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21/11/2018

London boroughs urged to update SCIs

Words: Laura Edgar
The boroughs of London / Shutterstock_161147711

Planning authorities in London should take urgent steps to bring their Statements of Community Involvement (SCI) up to date with requirements laid out in the Neighbourhood Planning Act 2017.

A report by Neighbourhood Planners.London concludes that every London planning authority except for Lambeth has so far “failed to note” or “chosen to ignore” new measures in the act.

The measures were designed to strengthen neighbourhood planning as a community-led part of the English planning system.

SCIs were introduced in the Planning and Compulsory Purchase Act 2004 and they form part of the statutory documents in local plans. Seven boroughs that prepared a SCI subsequent to 2004 have not made revisions since 2006-2008. These are: Bexley, Hillingdon, Kingston, Lewisham, Merton, Redbridge, and Southwark.

This suggests to Neighbourhood Planners.London that the SCI is not seen as being useful for community engagement, as the government had intended.

Other authorities have updated their SCIs once, some twice, to reflect the Localism Act 2011 and the National Planning Policy Framework (NPPF).

Section 6 of the Neighbourhood Planning Act requires that a SCI should set out a planning authority’s policies for giving advice or assistance for making neighbourhood development orders and the modification of neighbourhood plans. This came into force on 31 July 2018.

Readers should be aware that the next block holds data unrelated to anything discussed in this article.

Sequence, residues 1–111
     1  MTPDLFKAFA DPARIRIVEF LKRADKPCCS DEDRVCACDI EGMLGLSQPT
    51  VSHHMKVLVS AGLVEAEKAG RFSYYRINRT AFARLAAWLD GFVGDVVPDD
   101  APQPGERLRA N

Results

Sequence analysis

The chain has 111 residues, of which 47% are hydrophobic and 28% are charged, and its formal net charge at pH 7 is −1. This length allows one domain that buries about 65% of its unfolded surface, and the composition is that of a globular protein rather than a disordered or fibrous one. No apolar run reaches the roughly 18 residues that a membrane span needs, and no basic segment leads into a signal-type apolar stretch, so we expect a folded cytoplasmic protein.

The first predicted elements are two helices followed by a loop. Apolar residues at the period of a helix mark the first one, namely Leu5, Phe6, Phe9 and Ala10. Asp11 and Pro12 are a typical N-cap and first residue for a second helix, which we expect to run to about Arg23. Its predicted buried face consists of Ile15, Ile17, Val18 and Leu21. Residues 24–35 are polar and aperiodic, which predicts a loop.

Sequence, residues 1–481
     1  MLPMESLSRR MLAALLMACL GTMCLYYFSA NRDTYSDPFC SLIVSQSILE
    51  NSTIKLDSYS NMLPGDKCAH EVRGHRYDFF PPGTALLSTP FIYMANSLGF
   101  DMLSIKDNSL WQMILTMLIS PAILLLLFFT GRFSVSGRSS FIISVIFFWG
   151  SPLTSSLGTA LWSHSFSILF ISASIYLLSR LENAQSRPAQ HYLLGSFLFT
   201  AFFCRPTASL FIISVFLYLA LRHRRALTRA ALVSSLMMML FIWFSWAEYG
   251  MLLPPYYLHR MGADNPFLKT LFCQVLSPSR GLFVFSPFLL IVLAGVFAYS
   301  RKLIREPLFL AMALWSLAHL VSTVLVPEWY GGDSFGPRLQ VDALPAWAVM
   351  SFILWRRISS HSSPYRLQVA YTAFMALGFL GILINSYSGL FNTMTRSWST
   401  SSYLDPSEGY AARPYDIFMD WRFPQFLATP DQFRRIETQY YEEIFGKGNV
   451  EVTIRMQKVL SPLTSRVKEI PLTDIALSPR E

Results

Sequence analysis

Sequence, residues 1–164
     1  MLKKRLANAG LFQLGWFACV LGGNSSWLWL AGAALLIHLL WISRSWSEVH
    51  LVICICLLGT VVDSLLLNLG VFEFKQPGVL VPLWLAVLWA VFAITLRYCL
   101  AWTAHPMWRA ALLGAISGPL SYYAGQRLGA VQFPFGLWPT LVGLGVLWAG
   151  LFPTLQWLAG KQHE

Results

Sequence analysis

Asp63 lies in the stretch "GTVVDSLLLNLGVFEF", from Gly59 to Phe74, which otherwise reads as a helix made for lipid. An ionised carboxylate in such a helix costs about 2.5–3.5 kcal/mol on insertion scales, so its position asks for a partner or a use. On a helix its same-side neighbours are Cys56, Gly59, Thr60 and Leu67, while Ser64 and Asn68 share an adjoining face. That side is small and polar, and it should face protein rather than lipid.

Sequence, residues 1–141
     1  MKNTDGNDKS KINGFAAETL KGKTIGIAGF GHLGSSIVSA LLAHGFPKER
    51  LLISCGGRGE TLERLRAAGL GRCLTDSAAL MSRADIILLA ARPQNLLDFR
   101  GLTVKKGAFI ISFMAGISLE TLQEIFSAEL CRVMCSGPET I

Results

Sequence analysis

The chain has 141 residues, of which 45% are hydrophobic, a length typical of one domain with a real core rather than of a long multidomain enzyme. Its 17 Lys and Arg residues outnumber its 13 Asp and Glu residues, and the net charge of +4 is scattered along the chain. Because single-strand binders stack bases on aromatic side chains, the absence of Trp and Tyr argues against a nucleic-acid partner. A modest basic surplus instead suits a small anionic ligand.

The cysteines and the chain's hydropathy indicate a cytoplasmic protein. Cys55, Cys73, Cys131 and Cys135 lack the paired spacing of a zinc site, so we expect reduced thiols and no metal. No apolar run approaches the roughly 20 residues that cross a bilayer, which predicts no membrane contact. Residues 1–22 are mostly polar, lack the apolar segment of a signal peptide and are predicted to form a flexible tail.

Weighing against the case that it is just ‘early days’, the Neighbourhood Planning Bill included the provisions from September 2016 and they were enacted in April 2017. London’s planning authorities could have made it clear on the neighbourhood planning section of their websites what their intentions were for updating their SCI, or outlined what advice and assistance would be offered, according to Neighbourhood Planners.London.

Lambeth is noted as being the only council to comply with the new legislation: it adopted an eight-page addendum to its SCI in August 2018. Other authorities are acknowledged to have published information on the advice and assistance they provide – Brent, Camden and Hammersmith & Fulham.

Neighbourhood Planners.London also says some boroughs have reviewed or are reviewing their SCIs, but none has taken the opportunity to incorporate advice and assistance to neighbourhood forums or tried to meet the measures in the Neighbourhood Planning Act.

The organisation concludes that the government’s aims to use SCI as a vehicle to raise awareness and provide clarity to the public on the duty of support have not been met in London. Further, the evidence suggests that many London planning authorities remain unenthused about the potential of the neighbourhood planning framework.

Expounding on its findings, Neighbourhood Planners.London makes several recommendations, including:

  • The Ministry of Housing, Communities and Local Government should update relevant paragraphs of National Planning Practice Guidance to include the requirement for five-yearly reviews of SCI, and the addition to their content of ‘policies for advice and assistance’ on neighbourhood planning and on arrangements for the modification of neighbourhood plans.
  • London planning authorities should take urgent steps to bring their SCIs into line with these requirements, particularly in cases where SCIs have not been updated since 2006-8.
  • Neighbourhood Planners.London will write to the Monitoring Officers of all those London planning authorities which have failed to a) update their SCIs within the past five years and/or b) failed to include in their SCI the content required by Section 6 of the Neighbourhood Planning Act 2017, reminding them that this is information which the public should be able to access readily and without further delay.

The report can be found here on the Neighbourhood Planners.London website (pdf).

Image credit | Shutterstock

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